Radio Telescope Diagram.
An ethernet cable and power cable run from the Dish back to the control room.
In the control room the main system PC has the Radio Eyes Telescope Control Program, SDR Radio Client and Skypipe digital chart recorder.
A remote operator runs the Radio Eyes program which allows the management of where and when the Dish should be active. The commands for pointing the Dish are then sent to the Telescope Control Program as a 'Task' for later activation.
The receiver connected to the Raspberry Pi can be commanded by the SDR Radio Client to monitor a particular frequency and the signal comes out of the PC audio out socket for monitoring through a local speaker. This audio is fed back into the PC for recording by the Skypipe software and plots the intensity of the received signal.
A remote operator can also log in and see a waterfall display of Frequency/Time/Intensity covering several Megahertz bandwidth.
Fortunately it has the correct RTL2832 and E4000 devices. Obviously the nifty little infra-red remote control isn't going to be of much use. It also came with a little antenna and magnetic base with cable and plug, also not a lot of use.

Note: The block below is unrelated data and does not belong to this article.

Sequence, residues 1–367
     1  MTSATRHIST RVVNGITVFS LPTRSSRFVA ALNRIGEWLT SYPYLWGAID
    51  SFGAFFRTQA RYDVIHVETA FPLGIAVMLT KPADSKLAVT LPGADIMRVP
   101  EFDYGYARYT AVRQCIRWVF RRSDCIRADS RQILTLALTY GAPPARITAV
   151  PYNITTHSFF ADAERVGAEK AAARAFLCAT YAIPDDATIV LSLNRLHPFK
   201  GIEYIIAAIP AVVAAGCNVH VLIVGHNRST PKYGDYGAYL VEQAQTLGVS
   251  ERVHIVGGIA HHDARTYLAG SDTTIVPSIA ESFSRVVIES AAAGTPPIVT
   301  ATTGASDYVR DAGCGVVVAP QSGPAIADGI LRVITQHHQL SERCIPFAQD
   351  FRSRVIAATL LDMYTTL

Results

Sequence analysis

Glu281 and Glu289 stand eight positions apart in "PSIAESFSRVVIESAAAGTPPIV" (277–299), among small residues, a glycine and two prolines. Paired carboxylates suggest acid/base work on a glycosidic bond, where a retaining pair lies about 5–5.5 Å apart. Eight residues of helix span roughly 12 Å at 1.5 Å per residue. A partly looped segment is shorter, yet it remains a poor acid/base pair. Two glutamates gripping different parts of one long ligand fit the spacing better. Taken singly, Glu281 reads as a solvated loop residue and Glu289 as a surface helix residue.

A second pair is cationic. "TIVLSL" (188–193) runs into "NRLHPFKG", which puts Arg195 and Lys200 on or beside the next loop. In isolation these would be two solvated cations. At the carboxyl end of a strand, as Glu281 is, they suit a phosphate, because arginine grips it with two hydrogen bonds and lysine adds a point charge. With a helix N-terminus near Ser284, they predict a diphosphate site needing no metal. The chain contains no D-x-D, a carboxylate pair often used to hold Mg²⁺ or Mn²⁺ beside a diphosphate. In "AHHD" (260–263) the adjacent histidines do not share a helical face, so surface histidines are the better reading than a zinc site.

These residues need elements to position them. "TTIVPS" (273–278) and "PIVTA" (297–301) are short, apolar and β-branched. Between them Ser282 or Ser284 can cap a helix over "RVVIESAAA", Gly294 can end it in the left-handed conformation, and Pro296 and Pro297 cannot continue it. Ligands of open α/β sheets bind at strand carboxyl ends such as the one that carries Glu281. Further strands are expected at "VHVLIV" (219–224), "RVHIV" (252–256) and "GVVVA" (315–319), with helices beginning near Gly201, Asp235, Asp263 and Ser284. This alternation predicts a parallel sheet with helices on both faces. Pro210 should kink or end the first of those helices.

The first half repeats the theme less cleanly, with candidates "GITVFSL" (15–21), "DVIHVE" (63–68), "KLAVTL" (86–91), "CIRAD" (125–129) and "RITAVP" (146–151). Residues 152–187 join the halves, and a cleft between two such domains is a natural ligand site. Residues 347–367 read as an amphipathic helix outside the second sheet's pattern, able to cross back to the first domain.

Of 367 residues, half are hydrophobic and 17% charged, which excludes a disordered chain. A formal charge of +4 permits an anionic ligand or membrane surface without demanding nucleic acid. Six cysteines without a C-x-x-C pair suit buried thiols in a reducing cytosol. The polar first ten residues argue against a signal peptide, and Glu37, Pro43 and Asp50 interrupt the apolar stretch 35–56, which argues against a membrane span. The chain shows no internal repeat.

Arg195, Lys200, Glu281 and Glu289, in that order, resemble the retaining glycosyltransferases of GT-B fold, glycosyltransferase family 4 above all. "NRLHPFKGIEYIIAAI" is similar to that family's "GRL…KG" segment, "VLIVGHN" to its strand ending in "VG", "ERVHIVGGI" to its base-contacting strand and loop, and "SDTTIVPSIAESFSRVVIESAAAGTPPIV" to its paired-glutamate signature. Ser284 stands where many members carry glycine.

The Raspberry Pi is now available in sufficient supply for them to be readily accessible through your local supplier. I bought two in November 2012 and they arrived just before Christmas. Perfect timing for the Holiday break.
You should then be able to remotely log in to your Pi and receive audio and control the Frequency and mode of reception.
I used my Android phone with an app called SDR Touch. This allows entry of the IP address of the Raspberry Pi so you can connect and receive audio.
In the next post I will show some results of the receiver and SDR client software and what we can do with our system so far.